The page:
Here’s the books I read in February….
Fibres by Frances Poet
Many believed that Covid would kill the arts. Though personally if it came to trial I’d hope the Tories were charged with joint enterprise myself. However, the arts have proved remarkably resilient and versatile during the pandemic. One of the real gems waiting to be unearthed in the plethora of isolated, socially distanced performers playing direct to nothing more than a lone camera – and in some cases just a laptop or phone camera at that – has been the BBC Scotland series Loop. Essentially a series of playlets, each edition of Loop is a stand alone monologue form drama and many are worth your while, including one entitled A Mug’s Game. Written by Frances Poet and performed by Jonathan Watson, it’s actually an excerpt from Poet’s own play Fibres which toured Scotland in 2019. Once I realised that, I knew I had to read the play. It tells the story of an married couple in their 60s who have both contracted mesothelioma – the husband from his work in the shipyards, cutting asbestos for pipe lagging, and the wife from washing his asbestos coated overalls each week of his working life. It also tells the story of their daughter, struggling to cope with the death sentence hanging over her parents and a possible relationship with a new man in her life. Poignant, heartbreaking, suitably angry but also very funny.
Kes by Barry Hines
And speaking of poignant, heartbreaking, suitably angry and very funny. What can you say about Kes? It’s as great and affecting today as it was the first time I ever picked it up as a teenager.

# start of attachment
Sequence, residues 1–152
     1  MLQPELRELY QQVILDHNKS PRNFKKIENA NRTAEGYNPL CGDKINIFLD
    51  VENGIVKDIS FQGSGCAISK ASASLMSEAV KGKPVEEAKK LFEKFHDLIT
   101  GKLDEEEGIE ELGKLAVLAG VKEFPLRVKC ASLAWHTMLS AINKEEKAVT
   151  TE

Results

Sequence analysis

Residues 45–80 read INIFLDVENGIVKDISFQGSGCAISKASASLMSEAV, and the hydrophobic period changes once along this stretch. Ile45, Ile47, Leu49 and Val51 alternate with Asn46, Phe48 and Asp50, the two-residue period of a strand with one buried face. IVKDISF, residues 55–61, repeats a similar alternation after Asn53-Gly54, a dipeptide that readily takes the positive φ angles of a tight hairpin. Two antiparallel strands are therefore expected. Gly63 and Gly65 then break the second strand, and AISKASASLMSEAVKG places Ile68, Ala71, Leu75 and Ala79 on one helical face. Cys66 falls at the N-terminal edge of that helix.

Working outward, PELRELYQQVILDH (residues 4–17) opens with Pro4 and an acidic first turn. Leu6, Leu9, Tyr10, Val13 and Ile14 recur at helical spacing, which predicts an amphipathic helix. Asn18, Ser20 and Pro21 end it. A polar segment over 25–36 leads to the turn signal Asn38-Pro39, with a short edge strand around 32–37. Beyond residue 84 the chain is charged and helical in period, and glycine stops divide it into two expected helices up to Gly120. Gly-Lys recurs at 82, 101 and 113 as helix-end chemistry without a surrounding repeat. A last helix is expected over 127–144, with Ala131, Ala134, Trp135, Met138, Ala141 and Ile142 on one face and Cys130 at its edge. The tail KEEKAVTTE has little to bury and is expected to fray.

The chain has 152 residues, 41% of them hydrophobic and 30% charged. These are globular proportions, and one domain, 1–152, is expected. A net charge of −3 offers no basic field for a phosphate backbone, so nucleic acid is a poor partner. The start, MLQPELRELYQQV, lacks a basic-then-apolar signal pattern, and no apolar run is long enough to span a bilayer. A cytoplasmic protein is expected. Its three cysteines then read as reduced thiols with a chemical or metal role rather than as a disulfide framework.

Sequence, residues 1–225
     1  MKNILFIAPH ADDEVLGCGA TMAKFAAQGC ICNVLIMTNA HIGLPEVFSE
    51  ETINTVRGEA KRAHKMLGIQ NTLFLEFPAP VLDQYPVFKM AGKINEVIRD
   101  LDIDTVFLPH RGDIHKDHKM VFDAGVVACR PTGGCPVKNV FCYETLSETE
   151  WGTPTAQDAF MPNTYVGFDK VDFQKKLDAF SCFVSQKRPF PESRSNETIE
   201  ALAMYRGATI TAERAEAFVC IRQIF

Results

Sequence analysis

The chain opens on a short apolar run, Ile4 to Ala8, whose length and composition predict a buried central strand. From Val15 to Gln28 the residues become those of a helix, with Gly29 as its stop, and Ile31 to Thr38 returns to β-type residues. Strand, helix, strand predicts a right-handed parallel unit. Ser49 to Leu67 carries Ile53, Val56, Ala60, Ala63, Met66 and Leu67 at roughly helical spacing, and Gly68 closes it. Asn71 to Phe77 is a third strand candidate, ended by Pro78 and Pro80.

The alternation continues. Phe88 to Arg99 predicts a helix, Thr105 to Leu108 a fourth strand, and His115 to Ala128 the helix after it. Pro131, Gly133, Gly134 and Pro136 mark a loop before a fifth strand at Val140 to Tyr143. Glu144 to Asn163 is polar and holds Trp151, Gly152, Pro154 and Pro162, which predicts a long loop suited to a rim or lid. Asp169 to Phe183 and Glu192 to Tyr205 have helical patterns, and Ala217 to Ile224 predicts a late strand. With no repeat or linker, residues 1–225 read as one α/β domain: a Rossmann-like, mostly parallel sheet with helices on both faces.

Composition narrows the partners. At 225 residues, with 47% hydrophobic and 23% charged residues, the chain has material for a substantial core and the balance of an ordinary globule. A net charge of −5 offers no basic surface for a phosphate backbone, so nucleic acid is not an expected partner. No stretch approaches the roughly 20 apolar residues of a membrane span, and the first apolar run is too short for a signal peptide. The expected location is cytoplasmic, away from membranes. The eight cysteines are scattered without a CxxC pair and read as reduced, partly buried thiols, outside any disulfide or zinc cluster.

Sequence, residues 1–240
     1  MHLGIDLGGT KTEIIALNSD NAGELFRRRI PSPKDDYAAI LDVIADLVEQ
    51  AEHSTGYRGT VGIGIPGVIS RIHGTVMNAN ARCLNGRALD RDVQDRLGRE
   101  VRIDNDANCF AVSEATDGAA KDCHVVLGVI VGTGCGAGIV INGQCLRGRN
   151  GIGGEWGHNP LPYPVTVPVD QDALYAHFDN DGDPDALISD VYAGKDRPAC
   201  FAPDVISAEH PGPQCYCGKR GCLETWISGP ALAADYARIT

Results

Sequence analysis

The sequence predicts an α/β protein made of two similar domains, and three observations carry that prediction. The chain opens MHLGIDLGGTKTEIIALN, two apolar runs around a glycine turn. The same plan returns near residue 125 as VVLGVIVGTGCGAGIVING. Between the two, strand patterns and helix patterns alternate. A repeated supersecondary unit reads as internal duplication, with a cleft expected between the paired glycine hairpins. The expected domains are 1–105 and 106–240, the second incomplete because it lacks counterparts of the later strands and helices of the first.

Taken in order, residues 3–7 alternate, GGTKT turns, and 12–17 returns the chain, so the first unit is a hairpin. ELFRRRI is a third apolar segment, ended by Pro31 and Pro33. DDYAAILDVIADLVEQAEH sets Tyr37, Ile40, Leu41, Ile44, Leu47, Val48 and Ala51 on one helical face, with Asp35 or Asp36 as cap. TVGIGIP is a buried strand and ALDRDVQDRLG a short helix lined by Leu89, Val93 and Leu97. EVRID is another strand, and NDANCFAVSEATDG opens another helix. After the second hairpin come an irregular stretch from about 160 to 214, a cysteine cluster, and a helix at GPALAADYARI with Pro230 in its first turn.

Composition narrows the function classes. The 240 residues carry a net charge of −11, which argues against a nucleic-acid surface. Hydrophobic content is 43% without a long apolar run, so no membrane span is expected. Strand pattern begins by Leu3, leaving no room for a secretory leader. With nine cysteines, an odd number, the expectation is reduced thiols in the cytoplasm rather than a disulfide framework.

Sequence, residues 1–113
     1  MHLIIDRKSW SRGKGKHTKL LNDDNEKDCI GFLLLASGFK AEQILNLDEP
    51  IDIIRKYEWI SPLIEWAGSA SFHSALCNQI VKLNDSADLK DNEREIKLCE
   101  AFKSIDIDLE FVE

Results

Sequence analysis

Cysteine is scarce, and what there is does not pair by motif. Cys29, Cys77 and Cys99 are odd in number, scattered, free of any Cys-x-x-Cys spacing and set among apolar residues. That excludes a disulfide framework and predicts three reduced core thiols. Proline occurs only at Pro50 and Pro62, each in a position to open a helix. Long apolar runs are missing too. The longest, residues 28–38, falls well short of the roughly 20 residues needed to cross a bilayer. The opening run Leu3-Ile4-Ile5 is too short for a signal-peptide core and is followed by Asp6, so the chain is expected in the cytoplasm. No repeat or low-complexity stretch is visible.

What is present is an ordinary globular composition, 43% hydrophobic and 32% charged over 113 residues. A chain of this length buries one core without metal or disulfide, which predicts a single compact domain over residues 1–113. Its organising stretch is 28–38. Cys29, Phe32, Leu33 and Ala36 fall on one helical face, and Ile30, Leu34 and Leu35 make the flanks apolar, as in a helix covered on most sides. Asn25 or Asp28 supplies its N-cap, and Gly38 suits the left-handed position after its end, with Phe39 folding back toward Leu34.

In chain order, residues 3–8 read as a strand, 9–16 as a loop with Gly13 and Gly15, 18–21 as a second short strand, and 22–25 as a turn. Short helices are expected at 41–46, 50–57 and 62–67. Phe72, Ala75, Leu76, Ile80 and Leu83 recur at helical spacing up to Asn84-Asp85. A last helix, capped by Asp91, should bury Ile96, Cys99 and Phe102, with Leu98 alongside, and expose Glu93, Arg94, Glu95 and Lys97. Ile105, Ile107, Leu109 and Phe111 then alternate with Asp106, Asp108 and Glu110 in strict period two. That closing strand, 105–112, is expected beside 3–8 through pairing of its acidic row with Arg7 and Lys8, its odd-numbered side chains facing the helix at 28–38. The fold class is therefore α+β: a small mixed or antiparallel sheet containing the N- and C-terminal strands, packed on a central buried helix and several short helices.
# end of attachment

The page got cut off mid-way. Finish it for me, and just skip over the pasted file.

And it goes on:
Cat’s Cradle: Time’s Crucible by Marc Platt
This nostalgic return to the ’90s and the New Adventures is continuing apace but can prove an expensive business. Lots of these titles are now quite rare and can go from anything from £20 upwards. I got this on eBay for £25. It’s another I remember getting from Sutton Library around its release, though I recall the ancient Gallifreyan names and concepts rather hard on my pre-pubescent brain and I’m not altogether sure I properly finished it. I have now though.
Wasted Years by John Harvey
Another re-read, but an unintentional one this time! I came quite late to the Resnick books and have, over the past few years, been sampling them in a random fashion. This is one I only read about two or three years ago, and I only realised it when I was a good few chapters in. Oh well, it made for a pleasant re-read and reminds me that I really should catch up with some of the other titles in the series more regularly.
Number of books read in 2021 so far: 9